This so-called “social welfare” group run by the billionaire Koch Brothers also got a $1.6 million contribution from the Pope Foundation. That groups creator, James Pope, has given money to at least twenty-seven groups supported by the Kochs, including organizations opposing environmental regulations, unions and, not surprisingly, campaign-spending limits. Pope, in fact, helped fund the legal center run by James Bopp, the lawyer who initiated the Citizens United case that struck down limits of corporate campaign contributions.
We have a small window on who is behind these groups, but as long as these donor lists are kept secret, there’s no accountability for what these ads say.
To make matters worse, these groups are exempt from paying taxes because of their “social welfare” status, and donors often write off contributions as business expenses.
It isn’t right. It isn’t fair. We need to change the system.
Some have objected that requiring disclosure of donors somehow undermines free speech. Let me address that.
Our democracy is based on the free exchange of ideas, and political speech enjoys the highest level of protection. This is because we recognize that citizens should always have the right to speak and be heard, especially on matters as important as who should be their representative in government. They should never fear government interference with this most sacred tradition of challenging ideas, speaking truth to power and hoping the merits of your argument prevail in the minds of other voters.
It is precisely because we need to make sure citizens stay involved in the political process that we need this reform. Freedom of speech does not mean freedom of secrecy. Anonymous political speech by these organizations has no place in our democracy.
Accountability, transparency and credibility must be preserved in our political system. We can’t have one without the other two. Restoring transparency is a first step, and I’m hopeful that we can begin to rebuild Americans’ trust in government. We need more citizens need to engage in politics and see it as a process they want to be a part of.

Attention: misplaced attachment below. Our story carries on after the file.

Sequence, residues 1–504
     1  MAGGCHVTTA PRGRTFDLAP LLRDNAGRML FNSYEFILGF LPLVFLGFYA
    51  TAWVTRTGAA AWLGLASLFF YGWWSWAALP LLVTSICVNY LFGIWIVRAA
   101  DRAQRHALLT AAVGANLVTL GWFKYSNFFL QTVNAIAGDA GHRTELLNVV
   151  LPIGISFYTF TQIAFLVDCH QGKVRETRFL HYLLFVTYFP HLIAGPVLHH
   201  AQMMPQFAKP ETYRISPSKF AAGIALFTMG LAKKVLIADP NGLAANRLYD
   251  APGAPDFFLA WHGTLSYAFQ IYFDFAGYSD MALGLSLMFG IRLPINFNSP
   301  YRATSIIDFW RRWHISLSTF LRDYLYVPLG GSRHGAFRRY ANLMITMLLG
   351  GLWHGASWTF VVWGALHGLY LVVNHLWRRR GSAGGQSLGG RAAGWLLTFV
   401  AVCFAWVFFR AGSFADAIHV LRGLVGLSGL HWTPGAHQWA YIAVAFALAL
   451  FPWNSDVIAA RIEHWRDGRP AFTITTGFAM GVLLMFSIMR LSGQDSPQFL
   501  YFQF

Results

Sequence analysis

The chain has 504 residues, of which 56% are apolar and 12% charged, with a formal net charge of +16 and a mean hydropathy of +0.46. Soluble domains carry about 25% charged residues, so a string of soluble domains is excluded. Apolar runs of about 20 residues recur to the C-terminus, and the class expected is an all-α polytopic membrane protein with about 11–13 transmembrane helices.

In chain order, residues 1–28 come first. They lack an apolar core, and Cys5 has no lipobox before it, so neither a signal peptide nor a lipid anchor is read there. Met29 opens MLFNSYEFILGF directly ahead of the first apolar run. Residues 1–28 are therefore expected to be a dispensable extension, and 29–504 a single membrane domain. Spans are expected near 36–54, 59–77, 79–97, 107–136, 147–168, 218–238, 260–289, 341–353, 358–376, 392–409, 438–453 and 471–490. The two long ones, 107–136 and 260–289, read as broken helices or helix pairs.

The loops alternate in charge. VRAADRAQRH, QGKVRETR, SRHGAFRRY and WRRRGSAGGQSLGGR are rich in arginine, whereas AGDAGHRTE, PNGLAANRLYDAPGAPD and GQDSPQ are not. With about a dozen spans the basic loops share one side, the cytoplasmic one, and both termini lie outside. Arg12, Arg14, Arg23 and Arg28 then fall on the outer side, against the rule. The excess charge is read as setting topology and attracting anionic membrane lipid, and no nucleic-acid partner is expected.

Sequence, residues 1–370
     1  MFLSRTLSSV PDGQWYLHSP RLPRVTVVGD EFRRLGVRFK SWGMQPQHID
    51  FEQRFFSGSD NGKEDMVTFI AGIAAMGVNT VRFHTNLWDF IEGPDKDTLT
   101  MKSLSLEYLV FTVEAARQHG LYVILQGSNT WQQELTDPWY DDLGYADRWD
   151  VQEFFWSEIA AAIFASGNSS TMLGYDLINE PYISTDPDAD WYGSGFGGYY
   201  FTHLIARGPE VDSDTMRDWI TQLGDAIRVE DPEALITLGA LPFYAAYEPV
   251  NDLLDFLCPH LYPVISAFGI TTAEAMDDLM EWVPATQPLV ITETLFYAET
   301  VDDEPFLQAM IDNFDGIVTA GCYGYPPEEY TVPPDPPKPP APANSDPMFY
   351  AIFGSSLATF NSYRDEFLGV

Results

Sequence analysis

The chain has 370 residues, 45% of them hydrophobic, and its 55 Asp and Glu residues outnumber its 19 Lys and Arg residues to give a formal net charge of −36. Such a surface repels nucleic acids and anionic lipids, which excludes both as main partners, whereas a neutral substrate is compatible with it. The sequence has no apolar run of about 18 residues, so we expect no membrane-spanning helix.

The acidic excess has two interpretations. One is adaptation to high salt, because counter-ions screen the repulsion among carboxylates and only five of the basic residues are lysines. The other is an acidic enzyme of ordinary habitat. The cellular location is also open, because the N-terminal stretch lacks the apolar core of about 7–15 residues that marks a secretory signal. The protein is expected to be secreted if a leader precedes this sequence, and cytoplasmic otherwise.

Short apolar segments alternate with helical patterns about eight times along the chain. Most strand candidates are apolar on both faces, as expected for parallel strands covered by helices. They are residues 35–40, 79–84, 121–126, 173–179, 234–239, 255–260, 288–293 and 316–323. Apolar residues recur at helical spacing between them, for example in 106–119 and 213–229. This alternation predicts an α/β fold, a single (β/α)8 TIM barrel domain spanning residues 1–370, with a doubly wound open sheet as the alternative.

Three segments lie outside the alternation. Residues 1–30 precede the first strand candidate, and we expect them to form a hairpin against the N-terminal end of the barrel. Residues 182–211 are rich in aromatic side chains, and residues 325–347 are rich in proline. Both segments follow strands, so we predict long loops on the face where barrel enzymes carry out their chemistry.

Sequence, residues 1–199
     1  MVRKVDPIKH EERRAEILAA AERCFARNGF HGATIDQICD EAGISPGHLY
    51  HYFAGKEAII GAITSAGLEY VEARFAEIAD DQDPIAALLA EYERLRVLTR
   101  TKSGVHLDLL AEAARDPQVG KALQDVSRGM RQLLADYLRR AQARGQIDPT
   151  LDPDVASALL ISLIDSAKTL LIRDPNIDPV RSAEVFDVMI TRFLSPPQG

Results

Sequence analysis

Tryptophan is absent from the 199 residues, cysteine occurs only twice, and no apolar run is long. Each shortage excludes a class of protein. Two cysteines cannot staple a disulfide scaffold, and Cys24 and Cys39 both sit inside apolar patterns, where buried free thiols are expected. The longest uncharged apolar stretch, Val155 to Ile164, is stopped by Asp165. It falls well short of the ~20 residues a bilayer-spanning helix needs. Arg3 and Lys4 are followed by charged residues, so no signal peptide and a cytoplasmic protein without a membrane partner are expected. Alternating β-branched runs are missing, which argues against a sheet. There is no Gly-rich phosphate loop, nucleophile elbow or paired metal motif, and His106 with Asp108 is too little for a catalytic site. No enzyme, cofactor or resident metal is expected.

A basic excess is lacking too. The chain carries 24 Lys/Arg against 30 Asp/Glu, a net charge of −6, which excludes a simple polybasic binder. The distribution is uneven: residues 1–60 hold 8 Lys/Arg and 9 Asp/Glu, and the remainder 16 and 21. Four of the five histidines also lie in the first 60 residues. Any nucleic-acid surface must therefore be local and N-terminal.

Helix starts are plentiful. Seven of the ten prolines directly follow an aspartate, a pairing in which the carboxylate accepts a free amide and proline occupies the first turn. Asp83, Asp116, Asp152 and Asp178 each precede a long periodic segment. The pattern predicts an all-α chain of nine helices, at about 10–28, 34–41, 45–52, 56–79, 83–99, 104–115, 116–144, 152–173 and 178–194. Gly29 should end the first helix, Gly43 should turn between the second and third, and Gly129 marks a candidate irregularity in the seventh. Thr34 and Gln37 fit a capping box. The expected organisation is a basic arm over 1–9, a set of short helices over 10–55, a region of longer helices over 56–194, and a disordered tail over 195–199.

When I talk to voters in New Hampshire these days, they are not optimistic about being heard in Washington, DC.
According the Granite State Poll at the University of New Hampshire, three-quarters of New Hampshire adults (76%) think members of Congress are more interested in serving special interest groups. One-quarter of New Hampshire adults (25%) think that they have no influence at all on what the federal government does.
People in New Hampshire and throughout the country don’t believe their interests are being represented.
But, Mr. President, they support the reform we’re engaging in today. Three-quarters of New Hampshire adults (73%) strongly support a law that would require corporations, unions and non-profits to disclose their sources of spending when they participate in elections.
This support is not limited to New Hampshire.
According to a Greenberg/Quinlan poll, 77% of voters, regardless of party, say reforming our campaign finance system is very important.
Mr. President, I have been involved in politics at the local, state and national level, and communicating with my constituents is one of the aspects of the work I enjoy most. While I can’t speak with all of them face to face, thousands of them write me letters each month. Most of them sign their name. And because they sign their name, I know who they are and I can respond, or correct a misunderstanding, or engage in a dialog.
The same is true for political speech. Justice Antonin Scalia once wrote: "Requiring people to stand up in public for their political acts fosters civic courage, without which democracy is doomed."
Donors must own their participation. This is what the DISCLOSE Act will require, and that’s why we should all vote to support it. I yield the floor.